What new features? CSS is a styling language it hasn't added any extra functionality that wasn't already there. It simply brought some aesthetic features out of the scripting layer into the theme/design layer - floats already existed as the HTML "align" attribute, absolute positioning always existed as position fixed or in the early days NN 'layers', hover was always possible using onmouseover/onmouseout - so what exactly did CSS introduce that is so monstrous?

Are you talking about usability from the design or developer side? CSS is not simply about WEB Page design, its bigger scale usage is probably applications, browser chrome (skins), plug-ins, addons, XML/RSS transformations .. exactly what kind of "usability" testing is required for skinning (presentation of content)

I'm confused as to exactly which users you are debating on behalf of, as far as I can tell the only ones who have a problem are those that try to squash "CSS" into a "Web Layout" or template/design box.. and the direction of that particular bit (CSS3 module) has not been decided on yet.

They did great with what they had to deal with...

and are still dealing with ;) it's the ever changing goal posts again, CSS can't just stop and take a rest (well it did but in hindsight that's possibly not a bad thing) we play with the hand we've been dealt, the game, meanwhile is still playing out

I'm sorry, I am willing to believe I'm too close to see a lot of what might be wrong, but I really do fail to see not only what is wrong with its basics, but also I fail to see that CSS is a goal (noble or otherwise) CSS is not the goal, it is simply a player in the team that participates in the goal scoring, The goal, is an accessible web for all, I believe, or going forward, accessible/usable web applications as well as a web page or two - what it is NOT, is just a web page layout method - to have believed that at the outset would have meant we might have got stuck "copying" tables ..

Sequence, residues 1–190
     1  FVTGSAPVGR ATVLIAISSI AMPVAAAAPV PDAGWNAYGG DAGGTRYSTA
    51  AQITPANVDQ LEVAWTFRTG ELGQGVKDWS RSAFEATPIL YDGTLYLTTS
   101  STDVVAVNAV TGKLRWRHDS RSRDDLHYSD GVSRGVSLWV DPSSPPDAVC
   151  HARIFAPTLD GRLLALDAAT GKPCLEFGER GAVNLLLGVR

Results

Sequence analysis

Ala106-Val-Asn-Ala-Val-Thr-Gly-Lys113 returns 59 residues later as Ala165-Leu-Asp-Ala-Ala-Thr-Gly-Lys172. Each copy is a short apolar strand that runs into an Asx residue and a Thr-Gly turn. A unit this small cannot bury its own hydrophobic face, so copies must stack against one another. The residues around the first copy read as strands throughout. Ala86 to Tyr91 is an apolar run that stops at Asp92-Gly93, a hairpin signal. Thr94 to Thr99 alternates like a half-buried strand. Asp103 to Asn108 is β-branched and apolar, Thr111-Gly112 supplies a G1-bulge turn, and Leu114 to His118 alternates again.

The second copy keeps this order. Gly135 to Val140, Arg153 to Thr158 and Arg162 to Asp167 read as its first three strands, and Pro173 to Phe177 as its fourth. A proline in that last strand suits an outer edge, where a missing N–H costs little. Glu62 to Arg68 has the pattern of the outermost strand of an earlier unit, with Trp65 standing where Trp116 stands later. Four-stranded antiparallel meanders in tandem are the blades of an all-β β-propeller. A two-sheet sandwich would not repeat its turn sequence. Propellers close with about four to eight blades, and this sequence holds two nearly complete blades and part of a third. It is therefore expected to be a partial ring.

I find CSS counter-intuitive in only one sense, it uses a model of contiguous or overlapping boxes rather than a grid model like tables and every graphic arts program I've ever seen. (Snap to Grid, Show Grid, sound familiar?)

to wit, that's what I mean about it not being simply a layout method, and thankfully it didn't go that route whether by accident or design I don't know but I know that by the time A "Layout Module" arrives it will possibly be better understood that more thought went into it than just "we need a grid layout" - it will, to many, simply be another tool that CSS has in its box, and if you want to use that to mimic a table layout in a web page then that's what that particular module will be for!